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Dr. Jekyll, Mr. Hyde-like grain markets

Grains continue to exhibit a Dr. Jekyll, Mr. Hyde mentality this week, as they rally on news out of South America (SAM) on further cuts in the soybean crop estimates there.  

But then we get weekly news of crop progress and conditions, here in the United States and in Canada, and the prices go back down again!  

The net result is a soybean market that broke out of its previous 2011 highs, with only the 2008 highs near $16.50 left as a technical target for the nearby futures.  Soybeans have gained over $4 from the news of the SAM crop problems since mid-December, and indeed, SAM did have a disaster crop, with yields dropped about 10% below 'trend' from most estimates - a true disaster in the modern era.  Recently private crop estimates have dropped Argentine production further as the actual yields were even more disappointing than the dismal projections.  

Since SAM is such an important player in soybeans (and not so much wheat and corn), naturally it is soybean prices that have rallied the most. 

That has taken the soybean/corn price ratio back up to near the historic highs, with the new crop ratio now near 2.6, or the highs of the historical range.  It may have a good reason to be there, though, for now, as the world needs to attract oilseed acreage this spring to make up for the disastrous production numbers out of SAM.  It also reflect the fact that the US intended acreage numbers (made out when the ratio was near 2.3-2.4) favored corn production, with enough corn acres in the mix - but probably not enough soybeans.  However, the US intended acreage mix left about 8 million acres in Prevent Plant mode, and given the great spring we are having, it's doubtful much if any prevent plant ground will even qualify this year.  

Countering the SAM crop disaster (Dr. Jekyll) is the great planting season experienced so far for North America (Mr. Hyde), with planting progress of all crops as advanced as we've seen them in years (or maybe ever).  Not only is planting progress rapid, but it's been in ideal soil moisture conditions (not a drought), with most of the US having almost perfect soil moisture conditions to get the crop germinated and growing.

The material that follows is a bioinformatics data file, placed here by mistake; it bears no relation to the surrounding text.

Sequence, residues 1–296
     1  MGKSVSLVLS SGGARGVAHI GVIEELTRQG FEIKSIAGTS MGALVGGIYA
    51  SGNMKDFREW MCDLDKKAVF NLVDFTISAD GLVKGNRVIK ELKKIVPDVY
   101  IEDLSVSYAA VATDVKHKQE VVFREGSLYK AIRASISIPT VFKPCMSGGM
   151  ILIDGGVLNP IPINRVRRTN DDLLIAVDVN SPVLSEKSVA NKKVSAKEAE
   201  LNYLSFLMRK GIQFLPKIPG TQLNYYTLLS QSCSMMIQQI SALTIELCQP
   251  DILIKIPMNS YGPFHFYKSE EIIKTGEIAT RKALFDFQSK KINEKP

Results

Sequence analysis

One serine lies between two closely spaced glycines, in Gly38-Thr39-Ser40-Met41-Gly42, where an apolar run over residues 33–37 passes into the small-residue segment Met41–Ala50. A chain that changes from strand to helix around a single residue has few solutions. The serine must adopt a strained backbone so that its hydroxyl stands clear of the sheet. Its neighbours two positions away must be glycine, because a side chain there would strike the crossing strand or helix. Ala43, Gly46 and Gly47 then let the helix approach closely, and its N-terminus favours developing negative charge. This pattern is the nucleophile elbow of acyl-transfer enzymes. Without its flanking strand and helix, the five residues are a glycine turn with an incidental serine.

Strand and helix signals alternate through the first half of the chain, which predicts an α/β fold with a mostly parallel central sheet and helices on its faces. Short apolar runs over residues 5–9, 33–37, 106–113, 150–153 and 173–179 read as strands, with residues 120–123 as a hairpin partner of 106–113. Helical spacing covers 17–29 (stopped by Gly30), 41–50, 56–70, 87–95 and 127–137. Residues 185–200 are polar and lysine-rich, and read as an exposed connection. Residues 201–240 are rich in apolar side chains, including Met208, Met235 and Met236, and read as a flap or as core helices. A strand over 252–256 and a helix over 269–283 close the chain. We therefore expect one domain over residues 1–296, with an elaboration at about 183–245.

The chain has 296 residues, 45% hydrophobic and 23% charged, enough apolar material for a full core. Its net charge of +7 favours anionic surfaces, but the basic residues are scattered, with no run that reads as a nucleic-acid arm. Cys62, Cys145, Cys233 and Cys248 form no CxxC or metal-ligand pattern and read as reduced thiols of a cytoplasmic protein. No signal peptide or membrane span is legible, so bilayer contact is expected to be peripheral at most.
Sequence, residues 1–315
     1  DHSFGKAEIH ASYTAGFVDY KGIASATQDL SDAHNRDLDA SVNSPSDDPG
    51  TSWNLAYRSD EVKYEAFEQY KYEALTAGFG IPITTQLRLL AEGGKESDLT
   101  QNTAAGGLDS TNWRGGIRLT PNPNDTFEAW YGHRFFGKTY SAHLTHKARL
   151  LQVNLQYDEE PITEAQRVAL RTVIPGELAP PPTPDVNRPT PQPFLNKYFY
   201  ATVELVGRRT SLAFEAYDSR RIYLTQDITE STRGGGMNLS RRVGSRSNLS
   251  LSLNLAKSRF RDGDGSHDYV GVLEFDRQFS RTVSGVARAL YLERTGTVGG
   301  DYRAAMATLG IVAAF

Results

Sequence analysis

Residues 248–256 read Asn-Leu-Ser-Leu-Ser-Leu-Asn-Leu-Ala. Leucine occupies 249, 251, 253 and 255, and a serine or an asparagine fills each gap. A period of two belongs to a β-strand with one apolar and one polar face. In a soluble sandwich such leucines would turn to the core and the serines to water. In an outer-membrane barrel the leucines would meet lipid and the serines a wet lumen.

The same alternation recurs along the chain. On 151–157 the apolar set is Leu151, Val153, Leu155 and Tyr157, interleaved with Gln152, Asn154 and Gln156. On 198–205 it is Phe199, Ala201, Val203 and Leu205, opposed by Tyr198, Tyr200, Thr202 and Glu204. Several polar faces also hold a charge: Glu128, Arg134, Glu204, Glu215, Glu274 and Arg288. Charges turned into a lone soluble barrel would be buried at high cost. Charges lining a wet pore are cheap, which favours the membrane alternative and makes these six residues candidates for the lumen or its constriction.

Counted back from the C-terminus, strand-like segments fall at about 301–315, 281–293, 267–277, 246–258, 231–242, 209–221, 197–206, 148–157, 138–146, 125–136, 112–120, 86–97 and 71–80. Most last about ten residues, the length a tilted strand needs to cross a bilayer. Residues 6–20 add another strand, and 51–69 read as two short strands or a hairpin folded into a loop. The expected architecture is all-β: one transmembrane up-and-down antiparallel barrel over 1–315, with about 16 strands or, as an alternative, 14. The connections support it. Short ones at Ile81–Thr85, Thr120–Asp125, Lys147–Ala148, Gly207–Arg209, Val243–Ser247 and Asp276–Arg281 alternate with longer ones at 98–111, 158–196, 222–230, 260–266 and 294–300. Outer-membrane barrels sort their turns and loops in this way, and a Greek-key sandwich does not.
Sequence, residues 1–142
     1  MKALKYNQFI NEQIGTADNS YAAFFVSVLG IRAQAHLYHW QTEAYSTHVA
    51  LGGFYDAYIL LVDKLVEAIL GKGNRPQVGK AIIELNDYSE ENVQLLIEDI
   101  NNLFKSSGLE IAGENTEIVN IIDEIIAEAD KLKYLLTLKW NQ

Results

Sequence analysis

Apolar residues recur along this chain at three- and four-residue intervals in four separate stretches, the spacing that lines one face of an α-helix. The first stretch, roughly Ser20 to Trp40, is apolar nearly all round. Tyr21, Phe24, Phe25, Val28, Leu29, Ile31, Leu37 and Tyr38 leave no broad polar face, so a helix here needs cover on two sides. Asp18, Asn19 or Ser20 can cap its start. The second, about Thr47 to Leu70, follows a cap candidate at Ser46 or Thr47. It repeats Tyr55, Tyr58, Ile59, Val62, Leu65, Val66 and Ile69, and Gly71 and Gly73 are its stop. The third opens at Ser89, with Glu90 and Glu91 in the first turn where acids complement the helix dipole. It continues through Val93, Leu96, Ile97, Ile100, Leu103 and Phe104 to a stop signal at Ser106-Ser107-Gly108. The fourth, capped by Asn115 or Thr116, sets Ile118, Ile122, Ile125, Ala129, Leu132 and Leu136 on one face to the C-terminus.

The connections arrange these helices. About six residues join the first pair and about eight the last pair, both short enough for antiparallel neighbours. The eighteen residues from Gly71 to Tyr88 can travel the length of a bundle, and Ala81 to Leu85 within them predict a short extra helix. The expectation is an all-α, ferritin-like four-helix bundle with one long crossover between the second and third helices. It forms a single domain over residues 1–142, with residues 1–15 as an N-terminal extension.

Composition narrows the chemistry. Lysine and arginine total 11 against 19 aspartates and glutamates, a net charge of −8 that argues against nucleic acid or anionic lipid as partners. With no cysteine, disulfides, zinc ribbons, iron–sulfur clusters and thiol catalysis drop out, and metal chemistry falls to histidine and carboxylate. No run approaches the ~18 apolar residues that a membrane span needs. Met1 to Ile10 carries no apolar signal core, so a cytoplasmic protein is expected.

Even the HRW wheat areas or southern plains has received generous precip which has ended the drought effectively in most areas.  That is referenced by perhaps the best winter wheat crop ever, with Pro Ag yield models indicating a record-shattering yield near 49 bu/acre, topping the best previous yield by over 1 bu/acre! This is indeed a monster crop, with crop ratings currently at 64% good/excellent, and improving each week as we approach harvest (which is the opposite of normal), meaning the crop size is getting even larger, not smaller, as we approach harvest.  We are virtually out of the risk zone for freeze risk to this very early crop, and that means even more acres of double crop wheat/soybeans will likely be planted than ever occurred before (as soybean prices are higher than ever at planting and this is the earliest wheat crop ever).  

HRS wheat planting is at 74%, perhaps record fast in a ideal soil moisture situation as typically only 32% of the crop is planted as this time.  USDA says 30% of HRS wheat has emerged, and that is also a record - and the crop has never looked better!  

Corn is 53% planted vs. only 27% normally, and that means that the May Crop Report will likely push yields another 2 bu/acre above 'trend', or at 166 bu/acre - a new record!!!  Its likely with corn planted early in ideal soil moisture conditions that it, too, will produce a record large crop.  Add that to nearly every other major crop being ahead of normal planting, and we have the potential for a very large crop in 2012 in 

North America.  Thus we have the "Mr. Hyde" portion of the split personality grain market.  So who wins?  

Stay tuned, as the next few weeks will be critical for trends, and market direction.  For now, the trend in soybeans is still higher, while corn and wheat languish in what are sideways to down trends for now.  


The information contained, while not guaranteed as to accuracy or completeness, has been obtained from sources we believe to be reliable. The opinions and recommendations contained are based on our judgment and do not guarantee that profits will be achieved or that losses will not be incurred. Recommendations should not be construed as an offer to buy or sell commodities. 

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